WSRT Observations of hourly flux variations in OJ287 at 6cm wavelength
The Impact of VLBI on Astrophysics and Geophysics
Observations of short term flux variations provide one of the few means of determining the smallest scale sizes in compact radio sources. The fastest variations are generally found in BL Lac-type objects, 0J287 being one of the best studied. In 1985 Valtaoja et al. (Nature 31_4, 148) found evidence for variations at a level of (typically) a few % with a period of 15^7 in OJ287 at frequencies of 22 and 37 GHz. [Such periodic variability was, however, not detected at 5 GHz during one of their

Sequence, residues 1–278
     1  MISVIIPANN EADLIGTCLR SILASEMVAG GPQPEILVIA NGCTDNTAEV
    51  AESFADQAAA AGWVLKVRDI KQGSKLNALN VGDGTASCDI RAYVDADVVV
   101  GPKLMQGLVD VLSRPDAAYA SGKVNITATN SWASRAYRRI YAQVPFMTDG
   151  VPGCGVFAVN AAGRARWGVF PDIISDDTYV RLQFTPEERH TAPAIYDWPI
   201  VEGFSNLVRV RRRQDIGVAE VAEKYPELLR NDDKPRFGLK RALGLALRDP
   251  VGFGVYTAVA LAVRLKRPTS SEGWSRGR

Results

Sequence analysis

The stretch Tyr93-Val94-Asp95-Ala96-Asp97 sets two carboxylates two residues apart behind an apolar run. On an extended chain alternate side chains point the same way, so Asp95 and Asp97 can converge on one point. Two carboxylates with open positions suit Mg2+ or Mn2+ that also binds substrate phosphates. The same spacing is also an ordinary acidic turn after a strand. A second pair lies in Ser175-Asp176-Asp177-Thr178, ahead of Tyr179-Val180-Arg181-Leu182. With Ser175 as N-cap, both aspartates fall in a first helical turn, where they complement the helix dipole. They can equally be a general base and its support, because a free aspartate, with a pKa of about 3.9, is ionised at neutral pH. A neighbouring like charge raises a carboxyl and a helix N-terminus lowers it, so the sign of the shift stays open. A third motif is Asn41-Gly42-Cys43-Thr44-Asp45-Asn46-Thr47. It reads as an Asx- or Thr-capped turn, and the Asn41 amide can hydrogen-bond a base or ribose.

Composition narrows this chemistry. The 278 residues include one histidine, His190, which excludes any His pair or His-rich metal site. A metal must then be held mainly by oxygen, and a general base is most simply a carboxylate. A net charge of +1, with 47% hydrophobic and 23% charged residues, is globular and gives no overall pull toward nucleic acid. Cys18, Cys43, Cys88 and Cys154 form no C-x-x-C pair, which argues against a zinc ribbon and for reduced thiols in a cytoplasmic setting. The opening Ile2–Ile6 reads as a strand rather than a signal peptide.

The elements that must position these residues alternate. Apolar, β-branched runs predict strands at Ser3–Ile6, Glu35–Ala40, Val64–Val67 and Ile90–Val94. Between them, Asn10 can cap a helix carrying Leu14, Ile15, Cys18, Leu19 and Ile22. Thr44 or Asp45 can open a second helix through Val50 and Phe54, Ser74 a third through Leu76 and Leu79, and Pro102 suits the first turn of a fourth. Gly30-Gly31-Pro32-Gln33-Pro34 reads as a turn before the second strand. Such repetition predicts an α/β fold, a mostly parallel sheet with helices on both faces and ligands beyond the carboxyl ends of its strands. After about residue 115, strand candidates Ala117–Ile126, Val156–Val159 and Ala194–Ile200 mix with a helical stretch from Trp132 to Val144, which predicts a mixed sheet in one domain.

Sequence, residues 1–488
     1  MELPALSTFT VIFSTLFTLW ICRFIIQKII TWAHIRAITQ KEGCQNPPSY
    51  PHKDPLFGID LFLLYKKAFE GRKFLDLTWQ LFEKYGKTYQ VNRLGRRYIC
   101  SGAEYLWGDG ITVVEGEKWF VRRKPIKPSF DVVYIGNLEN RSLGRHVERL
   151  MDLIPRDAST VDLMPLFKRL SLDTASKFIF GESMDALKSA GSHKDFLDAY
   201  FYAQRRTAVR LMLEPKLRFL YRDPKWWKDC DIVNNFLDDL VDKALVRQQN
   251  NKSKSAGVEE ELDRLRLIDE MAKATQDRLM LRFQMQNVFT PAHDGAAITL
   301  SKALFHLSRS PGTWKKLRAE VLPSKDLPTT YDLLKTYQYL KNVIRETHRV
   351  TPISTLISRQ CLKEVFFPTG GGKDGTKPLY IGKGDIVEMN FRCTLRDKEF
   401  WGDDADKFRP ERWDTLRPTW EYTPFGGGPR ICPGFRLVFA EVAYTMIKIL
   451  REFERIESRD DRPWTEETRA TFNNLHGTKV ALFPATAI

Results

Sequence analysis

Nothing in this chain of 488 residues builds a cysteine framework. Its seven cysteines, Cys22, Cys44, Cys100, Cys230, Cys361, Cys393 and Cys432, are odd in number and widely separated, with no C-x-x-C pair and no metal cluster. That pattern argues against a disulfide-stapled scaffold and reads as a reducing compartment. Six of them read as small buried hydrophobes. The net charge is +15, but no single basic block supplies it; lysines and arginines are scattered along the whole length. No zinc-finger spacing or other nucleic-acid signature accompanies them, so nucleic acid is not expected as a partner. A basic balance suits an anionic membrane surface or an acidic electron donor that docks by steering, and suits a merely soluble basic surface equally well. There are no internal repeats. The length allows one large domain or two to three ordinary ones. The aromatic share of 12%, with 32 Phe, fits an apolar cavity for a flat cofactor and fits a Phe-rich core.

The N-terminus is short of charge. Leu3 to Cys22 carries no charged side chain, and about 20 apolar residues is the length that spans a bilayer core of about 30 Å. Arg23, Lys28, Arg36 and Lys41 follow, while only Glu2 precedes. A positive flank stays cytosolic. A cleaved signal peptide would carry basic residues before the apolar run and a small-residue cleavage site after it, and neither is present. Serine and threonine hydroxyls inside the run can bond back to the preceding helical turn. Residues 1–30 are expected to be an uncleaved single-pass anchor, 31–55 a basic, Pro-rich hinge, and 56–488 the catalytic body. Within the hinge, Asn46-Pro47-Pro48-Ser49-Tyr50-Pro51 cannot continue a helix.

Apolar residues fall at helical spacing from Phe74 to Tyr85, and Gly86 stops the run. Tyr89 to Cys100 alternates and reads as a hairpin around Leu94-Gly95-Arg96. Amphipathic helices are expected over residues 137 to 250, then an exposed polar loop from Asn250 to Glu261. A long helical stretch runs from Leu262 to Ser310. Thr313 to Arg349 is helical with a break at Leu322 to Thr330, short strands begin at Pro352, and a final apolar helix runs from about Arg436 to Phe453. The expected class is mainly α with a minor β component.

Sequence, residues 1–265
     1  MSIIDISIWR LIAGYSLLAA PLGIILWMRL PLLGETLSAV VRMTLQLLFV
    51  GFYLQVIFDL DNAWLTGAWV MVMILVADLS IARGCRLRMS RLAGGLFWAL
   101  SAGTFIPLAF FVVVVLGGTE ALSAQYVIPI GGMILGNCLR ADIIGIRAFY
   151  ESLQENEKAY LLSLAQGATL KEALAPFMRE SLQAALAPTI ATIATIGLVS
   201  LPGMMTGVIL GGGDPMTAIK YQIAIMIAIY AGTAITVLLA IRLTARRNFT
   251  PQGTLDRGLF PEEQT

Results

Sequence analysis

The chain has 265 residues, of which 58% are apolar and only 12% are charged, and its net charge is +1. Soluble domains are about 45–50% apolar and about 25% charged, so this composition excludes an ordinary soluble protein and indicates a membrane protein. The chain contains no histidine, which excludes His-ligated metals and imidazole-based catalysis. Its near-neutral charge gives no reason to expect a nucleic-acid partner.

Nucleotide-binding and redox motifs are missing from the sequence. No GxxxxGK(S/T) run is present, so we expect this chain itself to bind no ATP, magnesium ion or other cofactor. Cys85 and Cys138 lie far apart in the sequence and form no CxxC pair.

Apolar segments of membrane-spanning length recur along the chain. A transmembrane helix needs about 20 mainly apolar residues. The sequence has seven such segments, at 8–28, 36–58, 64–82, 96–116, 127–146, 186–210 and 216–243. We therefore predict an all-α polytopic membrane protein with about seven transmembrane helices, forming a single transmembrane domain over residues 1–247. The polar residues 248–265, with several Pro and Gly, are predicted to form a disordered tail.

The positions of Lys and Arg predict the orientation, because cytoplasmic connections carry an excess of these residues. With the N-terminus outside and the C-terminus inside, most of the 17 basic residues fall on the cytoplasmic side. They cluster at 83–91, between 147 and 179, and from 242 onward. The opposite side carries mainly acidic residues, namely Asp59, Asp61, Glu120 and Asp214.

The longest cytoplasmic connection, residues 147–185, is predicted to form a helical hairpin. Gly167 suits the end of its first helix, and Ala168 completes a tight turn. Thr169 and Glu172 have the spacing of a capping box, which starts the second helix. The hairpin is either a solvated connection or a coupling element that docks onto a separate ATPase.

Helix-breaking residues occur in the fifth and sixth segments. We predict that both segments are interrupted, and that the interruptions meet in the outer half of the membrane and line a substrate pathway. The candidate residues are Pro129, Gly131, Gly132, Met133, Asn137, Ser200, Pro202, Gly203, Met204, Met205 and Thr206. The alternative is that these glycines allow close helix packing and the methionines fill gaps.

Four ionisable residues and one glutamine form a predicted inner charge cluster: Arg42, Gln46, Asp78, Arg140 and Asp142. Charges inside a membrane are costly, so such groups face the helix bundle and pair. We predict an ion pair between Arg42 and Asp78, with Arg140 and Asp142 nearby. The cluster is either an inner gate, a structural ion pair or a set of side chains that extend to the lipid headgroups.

... ng one of their observations by Dreher et al. (Nature 3_2_0, 239, 1 986)]. In order to confirm and possibly improve on the reported results we have made two series of observations of 0J287, in the fall of 1 985 and the fall of 1 986, using the WSRT at 4.87 1 * GHz. The September 1985 observations revealed a very dramatic drop in brightness and the 1986 observations were set up with sufficient calibration to ascertain the limiting factors of the WSRT for flux monitoring work. Contacts with D. Roberts (Brandeis) and J. Dreher (MIT) led to simultaneous coverage at the VLA for as much overlap as was possible. ^ In 1985 OJ287 was observed for three periods of 12 on September 30 and November 10 and 16. The 1986 observations of OJ287 formed part of an 8x12 project involving the sources 3C84, OJ287, CTD93 and BL Lac. Each source was observed twice with the^expectation that, all things being equal, a division of successive 12 lightcurves would eliminate all systematic, stable, system imperfections. The observations on 3C84, a supposedly nonvariable source, shows that th^s is indeed the case to an rms accuracy of 0.2-0.3? on scales of 1 -12 . A total band of 80 MHz wide, in 8x10 MHz sub-bands, centered at se c 4874 MHz was recorded with a time resolution of 20 . The final sec resolution used was 60 . All combinations between two dipoles oriented at 0° and 90° position angle, were correlated. System temperature and gain calibration was done by firing a noise source every 10 . The theoretical noise level, for 1 integration, was about 2 mJy, or 0.04? of the source flux density. The actual accuracy achieved was about 5 times worse for reasons still not understood. We wished to obtain a continuous record of data on OJ287, and split-array observing being not (yet) possible, we could not switch to a flux reference at rapid intervals. [Because suitable reference sources 97 M. J. Reid and J. M. Moron (eds.), The Impact of VLBI on Astrophysics and Geophysics, 97-98. ©1988 by the IAU. available at https://www.cambridge.org/core/terms. https://doi.